11. Guest Chef (Jeremy Sewall): Lobster Bisque, Beignets, Lobster Ravioli, Baked Oysters, Grilled Fish, Summer Produce Salad
  12. Practical Final (3 course meal using the ingredients shrimp, chicken, zucchini, & blueberry): Grilled Shrimp & Zucchini Roll Ups with Goat Cheese and Herbs, Lavender and Honey Roasted Chicken with Garlic Mashed Potatoes & Crispy Mustard Brussels Sprouts, Blueberry Crostada

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^^Jacques Pepin and Julia Child co-founded the Gastronomy program, which is why Pepin’s work is largely represented in our course materials. He is still involved with the program to this day, and I even had a chance to see him speak earlier this year.

The most notable assignments were the market basket challenges. For the US regional challenge, each group was assigned a different region of the United States and told to prepare a 3 course meal that represented that region, using 3 ingredients given. My partner and I got assigned the central plains, and the ingredients we had to incorporate were corn, beef, and cream cheese. We made corn fritters, beer marinated grilled steak with homemade tater tots, carrot fries, and ranch dipping sauce, and cheesecake brownies. It was only minutes after we plated and presented our beautiful entree when our instructor came rushing back into the kitchen after us exclaiming, “This is not your fault, but…”

Apparently, she accidentally pulled pork from the freezer instead of beef. And since medium rare pork is frowned upon in the culinary world, back on the grill it went. Oh, well…

For our final, we simply had to prepare a menu that showcased our new culinary skills using the ingredients corn, shrimp, zucchini, and blueberries. So for my meal, I prepared grilled shrimp & zucchini roll ups with goat cheese and herbs, lavender and honey roasted chicken with garlic mashed potatoes & crispy mustard brussels sprouts, and a blueberry crostada. For each of these challenges, we were given an hour for the appetizer, an hour and a half for the entree, and an hour for the dessert. Unlike on the show “Chopped”, we knew our key ingredients a few classes ahead of time. Additionally, we could only use one online and one magazine recipe. The others had to come from cookbooks.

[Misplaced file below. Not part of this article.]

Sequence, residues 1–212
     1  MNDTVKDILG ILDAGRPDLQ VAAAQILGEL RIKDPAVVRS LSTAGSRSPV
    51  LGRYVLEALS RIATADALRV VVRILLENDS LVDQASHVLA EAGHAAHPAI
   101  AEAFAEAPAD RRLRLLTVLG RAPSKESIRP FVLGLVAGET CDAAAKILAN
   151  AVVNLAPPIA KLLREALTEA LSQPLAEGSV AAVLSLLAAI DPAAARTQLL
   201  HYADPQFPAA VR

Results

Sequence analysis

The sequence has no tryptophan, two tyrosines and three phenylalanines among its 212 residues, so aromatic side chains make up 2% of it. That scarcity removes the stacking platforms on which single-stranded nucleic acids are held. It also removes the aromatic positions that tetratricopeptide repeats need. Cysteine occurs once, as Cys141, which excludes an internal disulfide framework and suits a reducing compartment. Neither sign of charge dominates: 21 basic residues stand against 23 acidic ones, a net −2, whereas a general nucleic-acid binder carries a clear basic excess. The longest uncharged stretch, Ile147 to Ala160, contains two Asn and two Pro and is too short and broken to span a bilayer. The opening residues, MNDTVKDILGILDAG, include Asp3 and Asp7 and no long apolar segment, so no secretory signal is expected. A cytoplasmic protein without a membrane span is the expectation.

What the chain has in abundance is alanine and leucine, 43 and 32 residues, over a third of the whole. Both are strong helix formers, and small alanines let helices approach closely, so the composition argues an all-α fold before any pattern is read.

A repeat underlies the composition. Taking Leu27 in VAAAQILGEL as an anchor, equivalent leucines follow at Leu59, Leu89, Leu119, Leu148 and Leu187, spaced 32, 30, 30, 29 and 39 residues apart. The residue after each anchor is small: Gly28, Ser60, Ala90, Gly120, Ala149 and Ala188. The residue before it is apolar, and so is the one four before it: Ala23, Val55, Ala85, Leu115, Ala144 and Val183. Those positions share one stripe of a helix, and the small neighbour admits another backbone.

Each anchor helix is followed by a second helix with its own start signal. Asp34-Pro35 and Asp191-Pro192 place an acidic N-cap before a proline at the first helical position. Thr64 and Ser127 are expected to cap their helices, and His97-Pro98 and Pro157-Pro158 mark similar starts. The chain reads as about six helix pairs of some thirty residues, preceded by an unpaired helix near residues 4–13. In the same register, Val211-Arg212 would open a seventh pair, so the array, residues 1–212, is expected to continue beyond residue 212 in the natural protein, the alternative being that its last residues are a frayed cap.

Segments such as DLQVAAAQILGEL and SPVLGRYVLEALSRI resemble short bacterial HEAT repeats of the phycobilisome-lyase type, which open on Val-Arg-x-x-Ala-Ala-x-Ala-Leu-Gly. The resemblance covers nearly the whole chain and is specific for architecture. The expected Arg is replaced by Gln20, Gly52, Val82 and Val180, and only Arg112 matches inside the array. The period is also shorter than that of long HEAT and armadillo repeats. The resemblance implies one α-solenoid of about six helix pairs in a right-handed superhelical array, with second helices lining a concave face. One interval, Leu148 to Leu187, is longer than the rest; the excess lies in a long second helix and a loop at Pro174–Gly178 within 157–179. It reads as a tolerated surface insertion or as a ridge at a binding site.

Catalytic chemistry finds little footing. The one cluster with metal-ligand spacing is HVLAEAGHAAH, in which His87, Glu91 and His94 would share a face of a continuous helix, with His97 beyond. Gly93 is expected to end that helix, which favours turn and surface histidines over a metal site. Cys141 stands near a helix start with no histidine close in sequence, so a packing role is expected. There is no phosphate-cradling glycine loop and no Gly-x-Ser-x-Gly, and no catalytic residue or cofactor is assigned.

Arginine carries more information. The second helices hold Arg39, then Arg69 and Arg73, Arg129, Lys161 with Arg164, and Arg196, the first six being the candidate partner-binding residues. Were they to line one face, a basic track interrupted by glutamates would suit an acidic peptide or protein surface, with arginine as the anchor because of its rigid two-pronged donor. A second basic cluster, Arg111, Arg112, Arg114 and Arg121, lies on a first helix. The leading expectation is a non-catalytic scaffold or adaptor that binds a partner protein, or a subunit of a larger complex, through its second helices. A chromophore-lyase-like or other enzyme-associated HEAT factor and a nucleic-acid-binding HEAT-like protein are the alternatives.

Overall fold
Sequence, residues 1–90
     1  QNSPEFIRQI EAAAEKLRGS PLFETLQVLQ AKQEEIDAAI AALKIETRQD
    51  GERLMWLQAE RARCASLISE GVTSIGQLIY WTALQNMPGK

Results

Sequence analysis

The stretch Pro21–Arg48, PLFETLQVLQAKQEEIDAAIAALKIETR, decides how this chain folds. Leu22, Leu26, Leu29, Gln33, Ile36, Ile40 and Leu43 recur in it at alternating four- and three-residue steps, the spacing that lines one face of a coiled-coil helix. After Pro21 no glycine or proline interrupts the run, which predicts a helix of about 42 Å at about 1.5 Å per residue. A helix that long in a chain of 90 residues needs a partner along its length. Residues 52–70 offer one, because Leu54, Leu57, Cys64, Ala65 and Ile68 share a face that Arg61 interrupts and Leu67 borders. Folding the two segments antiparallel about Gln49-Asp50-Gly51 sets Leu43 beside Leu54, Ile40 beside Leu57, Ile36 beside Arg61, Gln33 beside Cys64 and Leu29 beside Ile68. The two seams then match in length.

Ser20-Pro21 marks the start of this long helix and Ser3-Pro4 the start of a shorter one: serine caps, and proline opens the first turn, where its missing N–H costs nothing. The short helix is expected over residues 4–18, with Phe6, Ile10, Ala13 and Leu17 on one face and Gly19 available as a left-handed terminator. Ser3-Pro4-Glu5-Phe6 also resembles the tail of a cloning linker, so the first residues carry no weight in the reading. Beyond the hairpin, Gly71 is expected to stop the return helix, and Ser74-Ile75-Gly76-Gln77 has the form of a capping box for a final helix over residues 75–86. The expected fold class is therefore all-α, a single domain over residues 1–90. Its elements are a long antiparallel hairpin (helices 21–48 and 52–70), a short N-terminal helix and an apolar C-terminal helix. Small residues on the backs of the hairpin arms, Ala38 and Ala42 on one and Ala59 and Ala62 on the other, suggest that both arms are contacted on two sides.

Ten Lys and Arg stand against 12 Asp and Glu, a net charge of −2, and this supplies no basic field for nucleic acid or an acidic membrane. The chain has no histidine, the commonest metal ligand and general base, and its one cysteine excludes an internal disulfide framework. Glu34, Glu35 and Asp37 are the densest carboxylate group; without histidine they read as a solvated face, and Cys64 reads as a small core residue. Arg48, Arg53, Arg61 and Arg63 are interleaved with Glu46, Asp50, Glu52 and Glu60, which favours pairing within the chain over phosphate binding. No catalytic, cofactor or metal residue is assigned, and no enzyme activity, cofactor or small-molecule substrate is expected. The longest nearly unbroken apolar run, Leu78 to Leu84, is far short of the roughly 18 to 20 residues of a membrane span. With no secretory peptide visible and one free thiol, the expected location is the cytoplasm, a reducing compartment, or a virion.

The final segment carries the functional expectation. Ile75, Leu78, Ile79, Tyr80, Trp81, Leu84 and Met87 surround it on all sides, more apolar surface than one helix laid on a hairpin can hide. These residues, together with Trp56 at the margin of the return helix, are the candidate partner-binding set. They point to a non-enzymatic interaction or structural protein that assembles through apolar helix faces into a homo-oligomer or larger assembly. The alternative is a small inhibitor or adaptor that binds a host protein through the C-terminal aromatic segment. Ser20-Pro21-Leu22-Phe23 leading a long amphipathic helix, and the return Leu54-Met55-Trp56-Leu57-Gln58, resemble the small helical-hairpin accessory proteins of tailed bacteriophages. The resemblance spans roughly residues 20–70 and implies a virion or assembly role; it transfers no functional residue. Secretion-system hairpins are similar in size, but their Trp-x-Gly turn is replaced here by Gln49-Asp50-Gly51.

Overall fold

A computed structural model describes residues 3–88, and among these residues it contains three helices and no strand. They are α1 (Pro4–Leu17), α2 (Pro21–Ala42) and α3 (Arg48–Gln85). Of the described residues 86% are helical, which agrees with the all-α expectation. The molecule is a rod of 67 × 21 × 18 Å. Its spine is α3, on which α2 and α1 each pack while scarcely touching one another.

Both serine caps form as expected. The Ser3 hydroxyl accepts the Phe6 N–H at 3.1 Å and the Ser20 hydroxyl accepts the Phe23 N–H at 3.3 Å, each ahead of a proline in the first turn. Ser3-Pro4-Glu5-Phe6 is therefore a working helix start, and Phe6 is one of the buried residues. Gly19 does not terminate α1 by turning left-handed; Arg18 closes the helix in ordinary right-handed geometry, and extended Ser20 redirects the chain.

Have you ever taken a culinary class?

– Kelly

Gastronomy Course Spotlight: Understanding Food (Theory and Methodology)

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Understanding Food: Theory and Methodology is intended to be the introductory course to the Gastronomy program. The purpose of the course is to introduce Gastronomy students to the landmark works that have influenced food studies, as well as learn the different methods that scholars use to study food. I took it my second semester in the program, because it filled up too quickly during my first semester.

Despite the course being called “Theory and Methodology,” it was much more heavy on theory (particularly social theory) and kind of skimped out on the methods. The class has a reputation for being tedious due to the heavy emphasis on social theorists such as Karl Marx and Pierre Bourdeiu, dense reading list, and rather intense writing component. Despite the dense articles, the books assigned for class (pictured above) were rather enjoyable.

rachel blackRachel Black, the director of the Gastronomy program, taught the course. Rachel has a reputation as being a tough grader, but her stories from living in France and Italy during her twenties won over our travel minded and curious class. Rachel stressed the interdisciplinary aspect of gastronomy, and I liked that each class was based on a different branch of food studies (anthropology, nutrition, geography, etc). As an added bonus, our class went to a guest lecture by Janet Poppendieck just one week after reading her book for our class.